When I was I child, Christmas was a magical time of the year. There was this toasty haze in the atmosphere, and the scent of pine laced the air. On Christmas morning, before we ever-so-violently opened our gifts, my dad would bring out the Good Book and we would dive into Matthew. We talked about the reason for the season. I could care less about the story that I’d heard more times than I cared to. I just wanted to see what my parents and other family members bought me. I rarely got anything I wanted. I like eccentric things, which my parents didn’t understand, so I was usually disappointed.
I can say that ‘feeling’ has changed. It has dissipated and been replaced with: “What’s up with these self-indulgent gifts anyway?” Now, I’m not against birthdays or celebrating Christmas. If I give a gift to someone, I try to choose wisely. Not too long ago, I gave a family member a present for his birthday. He did not need anything in the physical sense, and I thought a financial gift for his budding ministry would be helpful. I could give that to him any day, but I thought, what’s the difference? I would be thrilled to receive a donation to help with ministry work, whether it was on my b-day or not. He did not seem too happy with this gift almost as if he did not want to share his day with God. Later that day, someone gave him an additional television (fit for a giant), and he was ecstatic. I know this person well enough to know what his TV is mostly used for.
I just observed. Interesting that a present that seemed to satisfy the flesh created such excitement, but one that was meant to further the kingdom was met with a lukewarm reaction.
So how can one discern if a gift is flesh-focused or not? Well, we have freedom in Yeshua, but how we use this freedom will determine if we honor God or not. For one, what is your intent? Is God in the forefront guiding your choice? I’m not saying a present has to be a Bible or even Christian in nature. I’m just saying should we honor the birth of our savior by giving gifts that satisfy the flesh or the Holy Spirit within? Is Christ really the reason for the season? Ultimately, we know this day is not needed to celebrate Christ’s birth–we do this everyday; it is just a time to highlight this joyous event that took place sometime in history. We don’t have to do or give this or that. I know some Christians don’t even celebrate it because of pagan roots, but there’s nothing wrong with celebrating Christ’s birth (or your own) whenever you want to–in the way you choose, though it should be Christ-Centered and not wasteful. So if you celebrate Christmas by buying gifts (I know some just make their own), here are 7 things to think about before you get that present for your family member or friend.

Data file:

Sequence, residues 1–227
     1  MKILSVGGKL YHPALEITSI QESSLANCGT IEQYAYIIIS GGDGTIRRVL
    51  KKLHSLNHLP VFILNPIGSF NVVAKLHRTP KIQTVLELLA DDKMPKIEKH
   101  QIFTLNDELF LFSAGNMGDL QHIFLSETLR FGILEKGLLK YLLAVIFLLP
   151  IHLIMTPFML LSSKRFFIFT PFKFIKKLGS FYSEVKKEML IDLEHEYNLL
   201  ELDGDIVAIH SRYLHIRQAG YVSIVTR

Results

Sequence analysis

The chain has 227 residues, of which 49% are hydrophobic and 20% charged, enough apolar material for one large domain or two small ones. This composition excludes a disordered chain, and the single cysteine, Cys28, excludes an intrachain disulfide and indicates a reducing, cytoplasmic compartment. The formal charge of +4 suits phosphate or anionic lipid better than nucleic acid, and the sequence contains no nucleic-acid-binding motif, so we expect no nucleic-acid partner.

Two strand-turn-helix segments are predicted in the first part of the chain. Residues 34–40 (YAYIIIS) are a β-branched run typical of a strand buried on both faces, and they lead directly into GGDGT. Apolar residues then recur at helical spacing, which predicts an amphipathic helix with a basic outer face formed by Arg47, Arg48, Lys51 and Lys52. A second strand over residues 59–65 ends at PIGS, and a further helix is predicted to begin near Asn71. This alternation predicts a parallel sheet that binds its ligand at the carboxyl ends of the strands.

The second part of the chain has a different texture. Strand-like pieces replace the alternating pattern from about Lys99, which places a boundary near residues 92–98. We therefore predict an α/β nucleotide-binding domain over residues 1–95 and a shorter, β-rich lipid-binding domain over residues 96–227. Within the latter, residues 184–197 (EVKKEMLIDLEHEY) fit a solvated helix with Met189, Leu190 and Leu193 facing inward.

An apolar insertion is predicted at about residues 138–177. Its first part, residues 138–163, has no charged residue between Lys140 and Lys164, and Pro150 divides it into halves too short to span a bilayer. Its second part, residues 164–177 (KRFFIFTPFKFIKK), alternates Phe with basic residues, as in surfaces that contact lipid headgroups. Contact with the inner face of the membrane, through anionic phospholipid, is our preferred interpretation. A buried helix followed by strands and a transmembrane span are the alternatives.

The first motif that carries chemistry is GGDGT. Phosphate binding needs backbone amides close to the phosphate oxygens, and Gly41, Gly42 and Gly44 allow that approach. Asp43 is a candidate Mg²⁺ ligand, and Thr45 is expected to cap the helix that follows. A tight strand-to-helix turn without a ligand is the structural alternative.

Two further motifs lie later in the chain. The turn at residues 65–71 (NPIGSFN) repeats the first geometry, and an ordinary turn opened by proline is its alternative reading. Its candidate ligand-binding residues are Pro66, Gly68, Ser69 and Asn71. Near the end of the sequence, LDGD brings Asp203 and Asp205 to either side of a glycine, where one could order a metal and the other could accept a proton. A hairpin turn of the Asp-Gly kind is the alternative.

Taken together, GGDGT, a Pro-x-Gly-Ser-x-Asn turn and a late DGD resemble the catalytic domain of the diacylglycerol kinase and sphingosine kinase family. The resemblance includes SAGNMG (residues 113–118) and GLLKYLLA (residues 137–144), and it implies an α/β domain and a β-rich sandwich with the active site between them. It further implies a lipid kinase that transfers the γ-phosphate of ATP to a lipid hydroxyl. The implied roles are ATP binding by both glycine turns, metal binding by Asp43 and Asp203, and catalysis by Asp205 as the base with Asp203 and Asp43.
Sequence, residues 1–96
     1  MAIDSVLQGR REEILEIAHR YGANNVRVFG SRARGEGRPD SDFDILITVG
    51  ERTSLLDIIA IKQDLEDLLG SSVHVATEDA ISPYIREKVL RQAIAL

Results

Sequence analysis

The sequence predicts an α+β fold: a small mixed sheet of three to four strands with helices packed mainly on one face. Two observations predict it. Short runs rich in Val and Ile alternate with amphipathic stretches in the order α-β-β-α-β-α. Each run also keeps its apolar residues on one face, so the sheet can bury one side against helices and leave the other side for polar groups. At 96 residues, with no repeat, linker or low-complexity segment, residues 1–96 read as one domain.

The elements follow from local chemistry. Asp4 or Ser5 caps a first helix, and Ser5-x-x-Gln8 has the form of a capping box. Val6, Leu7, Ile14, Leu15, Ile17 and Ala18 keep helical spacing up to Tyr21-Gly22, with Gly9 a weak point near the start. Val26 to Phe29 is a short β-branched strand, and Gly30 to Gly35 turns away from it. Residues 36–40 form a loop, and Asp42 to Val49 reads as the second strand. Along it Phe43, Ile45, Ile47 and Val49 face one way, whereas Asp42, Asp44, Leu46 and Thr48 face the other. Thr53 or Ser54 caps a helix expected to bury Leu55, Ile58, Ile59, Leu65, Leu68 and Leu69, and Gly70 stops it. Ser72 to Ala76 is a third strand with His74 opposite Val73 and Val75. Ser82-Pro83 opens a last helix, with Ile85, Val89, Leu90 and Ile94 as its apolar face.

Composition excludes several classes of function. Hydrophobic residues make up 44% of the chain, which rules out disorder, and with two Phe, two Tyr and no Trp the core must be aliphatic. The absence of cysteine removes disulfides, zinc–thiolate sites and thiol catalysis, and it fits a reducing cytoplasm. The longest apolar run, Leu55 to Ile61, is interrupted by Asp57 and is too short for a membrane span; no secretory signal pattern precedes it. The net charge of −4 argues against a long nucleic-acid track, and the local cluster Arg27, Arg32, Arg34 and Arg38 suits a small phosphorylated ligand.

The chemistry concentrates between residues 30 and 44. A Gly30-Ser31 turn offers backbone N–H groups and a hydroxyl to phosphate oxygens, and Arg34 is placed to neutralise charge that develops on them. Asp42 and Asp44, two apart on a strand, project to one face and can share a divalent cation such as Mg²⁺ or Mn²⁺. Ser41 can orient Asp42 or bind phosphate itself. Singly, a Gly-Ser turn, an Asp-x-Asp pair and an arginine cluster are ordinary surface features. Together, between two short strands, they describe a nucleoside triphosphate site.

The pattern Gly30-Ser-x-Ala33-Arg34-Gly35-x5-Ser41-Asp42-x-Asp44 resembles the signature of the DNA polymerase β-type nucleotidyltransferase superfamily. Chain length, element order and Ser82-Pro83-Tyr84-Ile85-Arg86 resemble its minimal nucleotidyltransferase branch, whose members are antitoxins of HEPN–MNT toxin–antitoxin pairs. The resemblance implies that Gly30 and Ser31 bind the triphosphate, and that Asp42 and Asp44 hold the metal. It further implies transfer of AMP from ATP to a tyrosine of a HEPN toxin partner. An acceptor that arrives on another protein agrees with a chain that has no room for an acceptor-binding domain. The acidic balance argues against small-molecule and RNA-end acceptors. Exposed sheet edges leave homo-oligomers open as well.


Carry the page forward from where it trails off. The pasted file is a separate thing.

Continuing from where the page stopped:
1. Does he or she really need it?
In the United States, this line can get blurry for those who have been conditioned by this society. Some people believe they need cable, the newest gadget, or a lot of clothes. If you can live, work, or function without it, then perhaps it’s not absolutely necessary. If the person doesn’t need anything, maybe you should give to those who do.
2. Is it an obvious distraction?
Almost anything could be a distraction. But we should try to stay away from gifts that will blatantly encourage someone to spend less time with God. We want to help enhance them Spiritually. These distractions could be “flesh” movies, etc (though what is flesh-pleasing to one person may not be for another). I am not talking about gifts that might help with physical health, school, work, skills, talents, etc. Hopefully, you know the person well enough to choose wisely.
3. Will it maintain value?
If you’re going to buy a present, you can also consider one that might maintain value or will appreciate with time. If hard times fall on the giftee, this person may need to liquidate his or her assets to get by. So if you can, try to stay away from items that will quickly depreciate.
4. Is it a band-aid?
Are you trying to cover up a problem by giving a gift to someone (to avoid conflict)?. We should not use gift-giving to fix an issue that should be resolved by Christian mending, open discussion, prayer, and love.
This could also apply to gifts given to “win” the love or respect of a person or to just make someone happy.
5. Are you spending what you don’t have?
I recently read a story about Christmas and gifts. This lady said she was spending money she did not have every year just to make sure everyone had a present. She decided to stop giving gifts and take her family out to dinner.
Are you spending your money wisely? Should you put that money away to save for your future? Perhaps you should be more creative with your gifts if you really want to give something. It does not have to fit in a box with expensive packaging; perhaps a hug, time, encouragement, or a home cooked meal with family and friends is enough.
6. Is the gift overindulgent?
Someone might need shoes, and there is nothing wrong with buying some. But are you buying shoes with diamonds and gold-laced strings? You do need to buy quality shoes (if you want them last), but they do not need to be extra’d up (unless its some kind of investment). Believe it or not, it may be more cost-efficient to get the shoes custom-made with natural materials (if you know where to go).
7. What would Jesus think?
I remember that overused phrase: ‘What Would Jesus do? It was put through the wringer. Laughter aside, this is a celebration of His birth. How are you honoring him? Think about that. What are you willingly giving to Him? Maybe you should go out on Christmas morning, assist in giving the gift of eternal life–the ultimate gift, share your faith with those who do not know Christ, & break bread with strangers.
These are really things to ponder whenever you buy something. I am looking forward to spending Christmas with my family & God being the center of the day, and everyday (except when that flesh creeps).